Hello Ebi! Hello Fam!

I remember a scene from the movie Harry Potter and the Goblet of Fire. A villain named Peter Pettigrew killed student Cedric Diggory in front of Harry. Cedric’s spirit asked that Harry not leave his body behind with Voldemort and Pettigrew. When Harry grabbed the portkey (goblet) and returned to where the crowd awaited them during the last part of the Triwizard Tournament, Cedric’s father wailed when he discovered that his son was dead. ☹ Killing off or removing a character is not always easy, but it is essential if you want your novel to march on.

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As a child, we were taught that all stories are written with a beginning, middle, and end (like a stop light but backwards!)—or if you want to be more technical, the Exposition, Rising Action, Climax, Falling Action, and Resolution/Denouement. (If you want a quick break down of the “5 Elements of Plot,” check out this link: https://www.authorlearningcenter.com/writing/fiction/w/plot-planning/7309/5-elements-of-plot-and-how-to-use-them-to-build-your-novel

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It is towards the end or at the Climax that we decide to eliminate a character. It can be a person, place, or even a thing that’s beloved, hated, or some cases, both. But whatever you decide, making this significant change in your story can either be a gleeful experience (“Finally! He needed to go!”) or painful like this tiny excerpt from my book Amachi’s Hope. Though it hurt to do so, I had to sacrifice Morenike to allow the story (and his children) to move forward. ☹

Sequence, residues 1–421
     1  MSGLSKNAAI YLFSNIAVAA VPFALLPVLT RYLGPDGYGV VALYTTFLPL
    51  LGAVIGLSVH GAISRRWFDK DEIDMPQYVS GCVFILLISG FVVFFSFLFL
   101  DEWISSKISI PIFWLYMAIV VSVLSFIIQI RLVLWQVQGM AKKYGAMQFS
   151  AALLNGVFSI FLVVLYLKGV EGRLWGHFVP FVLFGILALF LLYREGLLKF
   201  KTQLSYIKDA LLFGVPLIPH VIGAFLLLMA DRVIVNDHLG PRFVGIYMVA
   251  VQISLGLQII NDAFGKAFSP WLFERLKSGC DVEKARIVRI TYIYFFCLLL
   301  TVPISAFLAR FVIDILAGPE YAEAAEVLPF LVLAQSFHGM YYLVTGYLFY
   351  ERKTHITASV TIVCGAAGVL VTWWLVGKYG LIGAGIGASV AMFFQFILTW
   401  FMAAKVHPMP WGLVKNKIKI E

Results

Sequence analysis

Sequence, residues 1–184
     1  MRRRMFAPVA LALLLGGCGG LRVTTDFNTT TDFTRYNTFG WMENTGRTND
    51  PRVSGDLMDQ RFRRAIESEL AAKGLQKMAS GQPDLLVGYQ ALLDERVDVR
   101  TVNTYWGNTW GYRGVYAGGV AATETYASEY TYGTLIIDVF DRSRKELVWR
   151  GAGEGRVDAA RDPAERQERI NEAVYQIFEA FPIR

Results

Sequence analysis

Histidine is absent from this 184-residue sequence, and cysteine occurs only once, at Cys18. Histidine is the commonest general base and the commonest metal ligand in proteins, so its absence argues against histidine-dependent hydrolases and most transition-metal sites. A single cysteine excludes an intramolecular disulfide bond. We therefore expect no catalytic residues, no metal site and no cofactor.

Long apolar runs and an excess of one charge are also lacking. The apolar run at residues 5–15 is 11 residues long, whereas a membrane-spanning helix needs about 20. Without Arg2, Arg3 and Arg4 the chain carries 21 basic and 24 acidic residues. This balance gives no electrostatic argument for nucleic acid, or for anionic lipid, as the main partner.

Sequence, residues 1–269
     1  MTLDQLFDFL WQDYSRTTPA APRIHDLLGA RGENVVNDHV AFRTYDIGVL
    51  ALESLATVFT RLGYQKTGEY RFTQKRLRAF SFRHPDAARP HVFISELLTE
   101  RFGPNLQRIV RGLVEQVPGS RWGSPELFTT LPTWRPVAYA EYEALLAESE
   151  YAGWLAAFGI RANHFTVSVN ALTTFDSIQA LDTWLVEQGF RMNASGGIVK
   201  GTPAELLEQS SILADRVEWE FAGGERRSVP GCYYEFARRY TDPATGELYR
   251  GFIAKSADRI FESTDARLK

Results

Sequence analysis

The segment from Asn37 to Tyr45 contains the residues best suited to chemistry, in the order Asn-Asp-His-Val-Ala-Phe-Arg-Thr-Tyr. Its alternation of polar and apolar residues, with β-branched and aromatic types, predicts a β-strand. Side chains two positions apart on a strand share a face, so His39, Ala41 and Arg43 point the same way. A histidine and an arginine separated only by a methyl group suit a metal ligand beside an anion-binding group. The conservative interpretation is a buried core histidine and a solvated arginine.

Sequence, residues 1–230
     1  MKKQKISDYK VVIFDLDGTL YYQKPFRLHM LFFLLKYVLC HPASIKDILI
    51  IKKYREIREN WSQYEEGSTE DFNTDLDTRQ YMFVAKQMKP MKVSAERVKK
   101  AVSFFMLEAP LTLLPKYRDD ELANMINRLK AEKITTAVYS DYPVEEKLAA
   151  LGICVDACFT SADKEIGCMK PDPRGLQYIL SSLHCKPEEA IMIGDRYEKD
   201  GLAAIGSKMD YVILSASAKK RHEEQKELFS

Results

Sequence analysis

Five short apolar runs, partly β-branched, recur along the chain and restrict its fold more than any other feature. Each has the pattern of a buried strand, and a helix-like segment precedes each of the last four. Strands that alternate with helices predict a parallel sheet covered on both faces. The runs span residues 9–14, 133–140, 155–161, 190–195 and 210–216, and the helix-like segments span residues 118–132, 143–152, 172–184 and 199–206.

Shuddering as if palsied, the deadly haze rushed into Morenike’s body and destroyed every positive thought and feeling on contact. Bleeding, Morenike fell, closed his eyes, and slipped from the living world. No goodbyes, no final words. He died believing that his greatest fear might come true: the death of a loved one by the hand of evil.

It sucks to remove a favorite character. But there has to be something to break the monotony. During my earlier versions of Amachi’s Hope, I realized that I always gravitated towards happy endings. I had very little loss in my story. Don’t get me wrong, there’s nothing wrong with that, but you will lose the reader’s interest. Plus, in a YA/Fantasy novel, it’s not realistic. There has to be an anchor that holds the reader or bait that reels them in. “He’s dead?! My goodness! What will happen next? Will his children survive?” As a reader, I know I’d want to know more.

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Amachi’s Hope is a novel that shares the experiences of her kin, and none of their journeys move forward without a major incident occurring in their lives. It is a form of growth or, in some cases, transformation. As we know, a metamorphosis of any kind does not happen without some sacrifice. Did you kill off a character in your book or short story? Was he/she loved or hated? I invite you to share!

Come again soon!

Ibukun! Blessings!